In the course of corresponding with my “Internet Friend” Ben Mcevoy, who writes an excellent blog at which almost anyone can find something of interest, I wrote up a quick overview of some of the titles from my “TBR list.” I decided to share it here with you as well.
Starting out with a couple of marketing & advertising classics…
Scientific Advertising by Claude Hopkins
I’ve wanted to read this short volume for a while now. A friend of mine pointed out that everyone who tells us to read this book makes a whole lot more money than he and I do, so there must be something to it. I’m actually scheduled to start reading this today (in that I just finished another book last night).
Breakthrough Advertising by Eugene Schwartz
This is perhaps “the” classic book on marketing and persuasion, written in 1966 and just as relevant today. Legend has it that in its heyday, it was the most stolen book from the New York City public library system. This book is sold online by a man with a special agreement with Schwartz’s family and it’s not cheap; used copies are available on Amazon at unconscionable prices.
I’ll read two biographies soon…
Andrew Carnegie by David Nasaw
This was recommend to me by a business contact who is a fan of Carnegie. I’ll be switching back and forth between the Kindle and Audible editions. I’ve found that audio is very good for consuming biographies. I’ve got a marketing book to finish, and I want to get through Scientific Advertising as well, and then I’m going to start this one. I’m really enjoying the anticipation!
Edison by Edmund Morris
I find Edison to be a rather interesting character. I’m excited to get to know him better. Morris died between the time when he finished the book and its pub date. The early reviews are pretty good, so it seems like he went out on a high note.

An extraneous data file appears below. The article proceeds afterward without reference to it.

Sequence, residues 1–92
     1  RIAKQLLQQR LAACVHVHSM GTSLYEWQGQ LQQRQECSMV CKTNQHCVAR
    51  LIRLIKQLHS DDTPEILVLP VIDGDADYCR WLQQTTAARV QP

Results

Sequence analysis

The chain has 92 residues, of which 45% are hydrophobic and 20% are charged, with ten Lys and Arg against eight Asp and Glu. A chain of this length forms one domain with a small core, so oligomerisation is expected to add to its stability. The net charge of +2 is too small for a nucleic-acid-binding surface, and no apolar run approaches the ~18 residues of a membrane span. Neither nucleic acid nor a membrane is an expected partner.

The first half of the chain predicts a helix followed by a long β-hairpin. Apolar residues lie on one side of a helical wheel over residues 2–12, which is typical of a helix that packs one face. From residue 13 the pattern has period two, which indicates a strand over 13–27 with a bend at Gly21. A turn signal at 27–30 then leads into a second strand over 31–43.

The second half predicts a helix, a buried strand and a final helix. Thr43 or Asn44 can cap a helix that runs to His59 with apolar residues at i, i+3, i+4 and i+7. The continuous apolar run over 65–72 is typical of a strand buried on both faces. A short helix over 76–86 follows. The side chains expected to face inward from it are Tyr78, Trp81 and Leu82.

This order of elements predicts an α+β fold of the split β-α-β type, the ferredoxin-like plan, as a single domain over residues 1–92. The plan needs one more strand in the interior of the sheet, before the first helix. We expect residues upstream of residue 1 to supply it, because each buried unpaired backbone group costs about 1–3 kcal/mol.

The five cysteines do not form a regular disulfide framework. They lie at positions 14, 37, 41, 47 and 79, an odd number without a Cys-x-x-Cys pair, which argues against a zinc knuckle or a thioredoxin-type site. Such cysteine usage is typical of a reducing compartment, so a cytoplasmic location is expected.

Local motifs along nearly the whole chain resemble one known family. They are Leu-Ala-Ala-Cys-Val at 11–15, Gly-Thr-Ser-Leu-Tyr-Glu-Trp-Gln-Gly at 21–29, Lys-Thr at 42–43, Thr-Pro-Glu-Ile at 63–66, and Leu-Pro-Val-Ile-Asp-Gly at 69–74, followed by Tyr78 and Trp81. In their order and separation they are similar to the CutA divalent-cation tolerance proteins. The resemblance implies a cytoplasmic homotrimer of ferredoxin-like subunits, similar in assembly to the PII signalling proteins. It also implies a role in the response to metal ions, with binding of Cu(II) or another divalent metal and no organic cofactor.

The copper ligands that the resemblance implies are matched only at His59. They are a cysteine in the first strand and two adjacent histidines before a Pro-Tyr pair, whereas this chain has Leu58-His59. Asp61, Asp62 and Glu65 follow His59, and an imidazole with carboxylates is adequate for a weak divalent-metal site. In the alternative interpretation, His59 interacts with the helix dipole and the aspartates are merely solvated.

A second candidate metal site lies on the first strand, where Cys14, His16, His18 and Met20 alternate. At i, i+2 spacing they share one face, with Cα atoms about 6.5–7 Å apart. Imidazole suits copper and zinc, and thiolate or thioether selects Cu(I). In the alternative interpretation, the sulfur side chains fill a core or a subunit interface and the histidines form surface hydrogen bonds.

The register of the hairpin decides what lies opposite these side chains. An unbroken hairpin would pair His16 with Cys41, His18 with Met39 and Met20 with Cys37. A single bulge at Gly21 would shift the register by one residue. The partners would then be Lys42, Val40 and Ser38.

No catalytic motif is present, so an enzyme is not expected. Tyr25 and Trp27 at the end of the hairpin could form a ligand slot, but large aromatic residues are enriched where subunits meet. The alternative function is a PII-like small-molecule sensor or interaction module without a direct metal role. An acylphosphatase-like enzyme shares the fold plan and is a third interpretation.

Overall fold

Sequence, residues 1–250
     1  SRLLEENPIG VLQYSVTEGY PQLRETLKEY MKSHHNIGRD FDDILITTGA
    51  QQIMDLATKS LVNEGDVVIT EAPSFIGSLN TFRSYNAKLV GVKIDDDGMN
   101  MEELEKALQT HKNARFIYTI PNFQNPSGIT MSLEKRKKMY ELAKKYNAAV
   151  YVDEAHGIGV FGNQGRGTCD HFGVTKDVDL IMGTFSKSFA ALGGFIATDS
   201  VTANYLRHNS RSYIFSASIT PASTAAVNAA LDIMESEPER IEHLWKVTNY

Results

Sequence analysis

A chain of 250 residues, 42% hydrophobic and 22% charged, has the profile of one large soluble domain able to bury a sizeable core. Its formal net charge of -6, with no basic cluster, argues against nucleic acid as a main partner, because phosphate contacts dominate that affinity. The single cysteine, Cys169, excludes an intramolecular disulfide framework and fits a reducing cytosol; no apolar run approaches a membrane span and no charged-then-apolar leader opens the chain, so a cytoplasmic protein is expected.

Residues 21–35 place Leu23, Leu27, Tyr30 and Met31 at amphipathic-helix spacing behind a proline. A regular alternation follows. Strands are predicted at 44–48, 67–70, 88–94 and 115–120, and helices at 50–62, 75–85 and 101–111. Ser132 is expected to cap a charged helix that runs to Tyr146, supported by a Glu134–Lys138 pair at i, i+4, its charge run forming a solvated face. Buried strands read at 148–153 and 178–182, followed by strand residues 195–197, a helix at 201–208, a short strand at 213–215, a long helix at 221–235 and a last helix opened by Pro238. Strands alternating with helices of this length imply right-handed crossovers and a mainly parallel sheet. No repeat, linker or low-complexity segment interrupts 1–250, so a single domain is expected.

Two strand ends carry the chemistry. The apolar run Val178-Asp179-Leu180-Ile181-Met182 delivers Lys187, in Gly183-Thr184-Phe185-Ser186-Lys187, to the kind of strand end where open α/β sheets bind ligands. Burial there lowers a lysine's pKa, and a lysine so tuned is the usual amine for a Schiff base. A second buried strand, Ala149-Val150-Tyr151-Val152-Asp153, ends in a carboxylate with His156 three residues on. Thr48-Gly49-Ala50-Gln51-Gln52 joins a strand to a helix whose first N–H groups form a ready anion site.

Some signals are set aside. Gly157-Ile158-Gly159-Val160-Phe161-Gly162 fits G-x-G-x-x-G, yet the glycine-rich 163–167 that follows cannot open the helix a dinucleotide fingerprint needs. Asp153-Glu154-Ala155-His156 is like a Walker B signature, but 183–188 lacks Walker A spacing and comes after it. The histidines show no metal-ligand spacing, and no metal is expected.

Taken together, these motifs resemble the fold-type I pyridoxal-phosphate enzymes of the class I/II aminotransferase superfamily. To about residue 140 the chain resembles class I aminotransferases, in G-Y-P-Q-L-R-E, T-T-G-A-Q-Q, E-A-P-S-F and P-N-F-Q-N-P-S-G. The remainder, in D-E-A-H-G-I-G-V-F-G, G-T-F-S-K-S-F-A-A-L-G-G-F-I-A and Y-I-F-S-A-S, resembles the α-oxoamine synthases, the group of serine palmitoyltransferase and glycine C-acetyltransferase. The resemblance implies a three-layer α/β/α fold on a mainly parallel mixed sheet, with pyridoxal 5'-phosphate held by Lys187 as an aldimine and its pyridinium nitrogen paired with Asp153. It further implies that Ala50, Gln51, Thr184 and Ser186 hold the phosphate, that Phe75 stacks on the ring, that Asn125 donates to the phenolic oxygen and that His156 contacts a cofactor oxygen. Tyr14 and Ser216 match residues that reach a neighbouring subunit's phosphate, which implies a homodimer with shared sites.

(The other two longer biographies on my list are eerily the same — a businessman and a pair of inventors: Titan: The Life of John D. Rockefeller, Sr. by Ron Chernow and The Wright Brothers by David McCullough)
As I’ve gotten older, I’ve come to respect history much more than I did in my younger days, so…
The Civil War: A Narrative: Volume 2: Fredericksburg to Meridian by Shelby Foote
This is the second book in a three volume narrative of the American Civil War. I finished the first book earlier this year and I’m looking forward to getting back to the topic after a short break to read unrelated things.
Shelby Foote came to prominence as one of the experts featured in a Ken Burns documentary about the Civil War back in the 80’s. The series reads like a novel, and Foote writes as he speaks — his style is that of a courtly Southern gentleman sitting in his parlor, telling you a story. I’ll get to this one in the spring, hopefully, and then finish the series in 2021.
Pirate Hunters: Treasure, Obsession, and the Search for a Legendary Pirate Ship by Robert Kurson
This is part history and part real-life adventure: two men search the Caribbean sea for the remains of infamous pirate Richard Bannister’s ship, the Golden Fleece. My wife and I will be on vacation in that part of the world in January, so I may try to read it as we sail through the area.
In the fiction department…
The Big Sleep by Raymond Chandler
One of the most celebrated novels in 20th century American literature. This book defines pulp fiction in many people’s eyes, and I was fortunate to receive a lovely annotated edition as a gift. I’m a fan of the Humphrey Bogart movie of the same title, but I’m told that it bears only passing resemblance to the novel. A similar hard-boiled detective story I want to read is “The Deep Blue Good-by” by John D. MacDonald.
Dead Wake: The Last Crossing of the Lusitania by Erik Larson
I read Larson’s “Devil in the White City” last year. Although the book seemed to go on forever, it was entirely engrossing. I’m looking forward to this WWI thriller about the sinking of the Lusitania. There’s not much that’s cooler than “submarine fiction” for me, either on the printed page or at the movies.
Speaking of book lists, etc., I’ve always wanted to do something like what Derek Sivers has done here: https://sivers.org/book.
Maybe this coming year will be the time I get to that. Until then, I guess there’s always Goodreads, but I don’t put any effort into it.